Posted: Thursday May 12, 2005 6:07PM; Updated: Thursday May 12, 2005 6:07PM
Welcome to Marquette Watch on CSTV. Let's go the New York Mascot Exchange for a check on precious metals. And we see that gold is down...
Marquette University President Father Robert Wild speaks to students and media at a rally protesting "Gold" as the new school nickname.
Earlier this week Marquette University decided to renege on its decision to change the school's mascot name to "Gold." The verdict came after public and private rebuke (an alumnus friend of mine noted "I bought a nickel-bag of that on spring break once"). Although, as a sportswriter, I must admit that I was disappointed: I was looking forward to dubbing Marquette the "Au."
A brief history of Marquette nicknames: For the longest time, the Milwaukee-based Jesuit university was known as the Warriors. That moniker sat well with MU students, alums and fans of the '80s band Scandal. Then, in 1994, at the zenith (nadir?) of the P.C. movement, the Marquette administration decided "Warriors" was offensive to Native Americans. Never mind 27 other colleges also use Warriors as their team name.
Marquette dropped Warriors, leaving fans of the eponymous 1979 film such as myself distraught. No longer would I dress up as a Baseball Fury or a Gramercy Riff when a Marquette team invaded my alma mater's turf. No longer would I taunt them with shouts of, "Warriors, come out and play-ay."
Marquette renamed itself the Golden Eagles, a bird that, according to one environmental web site I checked, "is now virtually extirpated ... east of the Mississippi River." Not unlike the Jesuits.
Then, earlier this month the 30 members of the school's Board of Trustees voted to change -- or perhaps simply truncate -- the mascot name from Golden Eagles to Gold. That resolution prompted Milwaukee Journal Sentinel columnist Jim Stingl to wonder if other schools from America's Dairyland would abbreviate their nicknames: The University of Wisconsin Bad? The University of Wisconsin-Milwaukee Pants?
"We're done," said John Bergstrom, the school's chairman of the Board of Trustees, in an opinion echoed by MU president Father Robert A. Wild, on May 5. "This is not an optional program. This is going to be a brand that we're going to build."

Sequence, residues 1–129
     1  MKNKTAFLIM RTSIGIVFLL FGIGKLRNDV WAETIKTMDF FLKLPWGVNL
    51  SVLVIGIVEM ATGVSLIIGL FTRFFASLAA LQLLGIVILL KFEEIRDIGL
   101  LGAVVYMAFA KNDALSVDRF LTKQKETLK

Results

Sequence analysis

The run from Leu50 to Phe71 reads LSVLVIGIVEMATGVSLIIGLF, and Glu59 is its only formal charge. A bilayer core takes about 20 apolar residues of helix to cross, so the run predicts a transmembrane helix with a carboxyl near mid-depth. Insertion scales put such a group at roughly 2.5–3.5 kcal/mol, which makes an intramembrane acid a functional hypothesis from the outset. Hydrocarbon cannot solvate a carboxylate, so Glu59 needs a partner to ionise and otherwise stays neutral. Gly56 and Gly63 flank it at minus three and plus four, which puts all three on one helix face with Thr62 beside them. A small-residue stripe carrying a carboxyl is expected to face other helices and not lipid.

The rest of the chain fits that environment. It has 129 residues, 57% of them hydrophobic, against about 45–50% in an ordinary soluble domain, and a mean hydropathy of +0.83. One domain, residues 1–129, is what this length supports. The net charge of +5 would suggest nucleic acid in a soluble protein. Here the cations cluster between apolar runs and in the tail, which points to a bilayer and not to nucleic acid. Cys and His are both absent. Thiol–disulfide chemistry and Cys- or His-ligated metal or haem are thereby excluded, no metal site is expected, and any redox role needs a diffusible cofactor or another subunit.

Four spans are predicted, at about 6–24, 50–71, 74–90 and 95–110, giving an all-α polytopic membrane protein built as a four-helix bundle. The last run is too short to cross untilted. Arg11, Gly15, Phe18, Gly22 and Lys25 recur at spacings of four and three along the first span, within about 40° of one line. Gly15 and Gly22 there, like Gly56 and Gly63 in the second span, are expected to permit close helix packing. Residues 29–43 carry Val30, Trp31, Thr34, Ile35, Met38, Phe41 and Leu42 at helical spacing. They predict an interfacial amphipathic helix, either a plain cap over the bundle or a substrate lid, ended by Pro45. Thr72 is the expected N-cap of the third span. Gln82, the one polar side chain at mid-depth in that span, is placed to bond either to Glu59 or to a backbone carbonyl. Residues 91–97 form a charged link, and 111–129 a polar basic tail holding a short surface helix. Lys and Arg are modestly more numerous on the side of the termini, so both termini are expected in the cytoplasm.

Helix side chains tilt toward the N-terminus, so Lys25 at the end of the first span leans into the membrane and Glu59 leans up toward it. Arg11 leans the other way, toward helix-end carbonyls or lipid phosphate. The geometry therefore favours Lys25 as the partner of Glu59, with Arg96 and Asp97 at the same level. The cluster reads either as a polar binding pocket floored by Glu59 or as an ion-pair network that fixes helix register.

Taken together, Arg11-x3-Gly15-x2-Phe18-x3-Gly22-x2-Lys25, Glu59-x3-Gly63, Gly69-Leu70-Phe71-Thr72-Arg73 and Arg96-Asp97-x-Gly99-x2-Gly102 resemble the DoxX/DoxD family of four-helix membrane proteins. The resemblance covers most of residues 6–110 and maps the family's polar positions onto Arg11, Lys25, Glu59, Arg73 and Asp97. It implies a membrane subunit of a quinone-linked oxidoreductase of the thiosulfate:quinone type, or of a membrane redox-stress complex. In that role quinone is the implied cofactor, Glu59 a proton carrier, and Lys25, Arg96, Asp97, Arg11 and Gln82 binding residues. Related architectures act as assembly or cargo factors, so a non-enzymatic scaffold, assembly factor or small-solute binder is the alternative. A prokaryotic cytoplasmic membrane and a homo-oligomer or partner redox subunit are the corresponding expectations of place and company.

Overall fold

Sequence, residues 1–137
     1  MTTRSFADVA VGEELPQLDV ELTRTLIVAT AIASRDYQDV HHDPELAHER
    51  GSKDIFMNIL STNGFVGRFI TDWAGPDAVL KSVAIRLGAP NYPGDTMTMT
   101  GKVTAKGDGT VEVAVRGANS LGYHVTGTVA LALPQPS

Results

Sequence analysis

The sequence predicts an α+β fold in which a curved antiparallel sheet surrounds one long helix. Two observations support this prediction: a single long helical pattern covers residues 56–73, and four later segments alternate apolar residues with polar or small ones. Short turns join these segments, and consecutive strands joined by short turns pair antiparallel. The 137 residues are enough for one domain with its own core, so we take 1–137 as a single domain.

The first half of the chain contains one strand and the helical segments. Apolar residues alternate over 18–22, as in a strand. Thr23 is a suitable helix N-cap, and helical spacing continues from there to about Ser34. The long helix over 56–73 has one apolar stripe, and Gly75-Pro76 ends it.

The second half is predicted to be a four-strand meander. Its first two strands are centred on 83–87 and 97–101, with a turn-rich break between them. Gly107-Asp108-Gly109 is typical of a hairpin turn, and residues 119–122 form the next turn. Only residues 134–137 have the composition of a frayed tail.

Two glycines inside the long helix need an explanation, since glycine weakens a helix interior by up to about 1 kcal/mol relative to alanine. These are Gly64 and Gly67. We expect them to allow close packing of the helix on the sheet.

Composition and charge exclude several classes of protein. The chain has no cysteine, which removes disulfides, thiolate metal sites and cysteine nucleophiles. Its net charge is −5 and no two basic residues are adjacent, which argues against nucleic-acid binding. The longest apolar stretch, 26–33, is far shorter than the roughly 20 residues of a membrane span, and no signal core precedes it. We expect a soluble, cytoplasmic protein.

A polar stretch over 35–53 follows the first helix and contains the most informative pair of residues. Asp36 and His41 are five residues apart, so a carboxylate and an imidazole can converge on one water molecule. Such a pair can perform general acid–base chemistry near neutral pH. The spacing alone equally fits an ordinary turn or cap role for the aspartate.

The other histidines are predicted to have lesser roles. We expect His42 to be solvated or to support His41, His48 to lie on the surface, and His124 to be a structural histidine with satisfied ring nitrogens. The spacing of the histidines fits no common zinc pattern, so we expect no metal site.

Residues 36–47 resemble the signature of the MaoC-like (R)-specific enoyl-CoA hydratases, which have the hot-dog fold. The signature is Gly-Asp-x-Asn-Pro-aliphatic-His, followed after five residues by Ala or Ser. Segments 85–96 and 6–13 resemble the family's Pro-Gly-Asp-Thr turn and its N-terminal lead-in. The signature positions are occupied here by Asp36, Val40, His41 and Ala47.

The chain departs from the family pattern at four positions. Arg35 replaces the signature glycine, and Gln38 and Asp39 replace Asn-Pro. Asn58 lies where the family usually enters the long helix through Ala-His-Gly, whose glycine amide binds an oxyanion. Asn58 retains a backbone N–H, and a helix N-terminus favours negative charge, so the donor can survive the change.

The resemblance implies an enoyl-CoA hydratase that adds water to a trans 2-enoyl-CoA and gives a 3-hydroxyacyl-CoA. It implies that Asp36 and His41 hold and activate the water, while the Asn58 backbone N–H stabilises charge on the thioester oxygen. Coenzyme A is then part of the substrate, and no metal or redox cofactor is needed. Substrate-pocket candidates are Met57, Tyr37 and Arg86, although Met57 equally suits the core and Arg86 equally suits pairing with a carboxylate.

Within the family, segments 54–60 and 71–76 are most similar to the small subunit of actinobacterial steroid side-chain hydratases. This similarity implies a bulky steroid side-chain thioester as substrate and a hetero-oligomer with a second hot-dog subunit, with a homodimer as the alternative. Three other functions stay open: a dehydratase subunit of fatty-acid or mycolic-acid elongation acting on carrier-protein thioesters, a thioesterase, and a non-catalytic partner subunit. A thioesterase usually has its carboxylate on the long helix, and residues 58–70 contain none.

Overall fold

Six days later, Gold was buried. "We have spent the past week listening," said Bergstrom. "We heard you."
Gold discovered, then as soon lost. The Treasure of the Sierra Madre is playing out along the banks of Lake Michigan. Or you can think of the Board of Trustees giving the school a new nickname, and then taking it back. Which would make them ...
With the Fools Gold era at Marquette having come to an end, here are a few observations:
1. Marquette, your alumni are not happy. Why not just lose the dude in the headdress while welcoming back the Warrior nickname.
2. If Warriors is so offensive, how come Nyack (N.Y.) College, a Christian liberal arts college, has no reservations (I hope that word does not offend anyone) about switching its nickname this year to the Warriors? Nyack previously referred to itself as The Purple Pride.
3. Isn't "Wild" a rather inappropriate name for the president of a Catholic university? Can that be changed, too?
4. Marquette proudly proclaims itself to be a "Jesuit" university. The actual name of the Jesuit order is "Society of Jesus." "Jesuit" is in fact a slang term, one that originated as a slur. According to the Etymology Dictionary (and my high school teachers at Brophy College Prep, which is also Jesuit), "Their enemies (in both Catholic and Protestant lands) accused them of belief that ends justify means, hence the sense "a dissembling person" (1640), and Jesuitical, "deceitful" (1613).
In fact, looking up "Jesuit" in my dictionary, I find the definition, "one given to subtle casuistry." And, because, just like you, I had no idea what casuistry means, I looked that up, too: "subtle but specious reasoning intended to rationalize or mislead."
So it is alright for Marquette to embrace the term "Jesuit," which was once unquestionably derisive, but it is offensive for the school to align its sports teams with the term "Warrior," which means "one who is engaged in or experienced in battle?" Isn't that a fairly accurate analogy for an athletic competitor?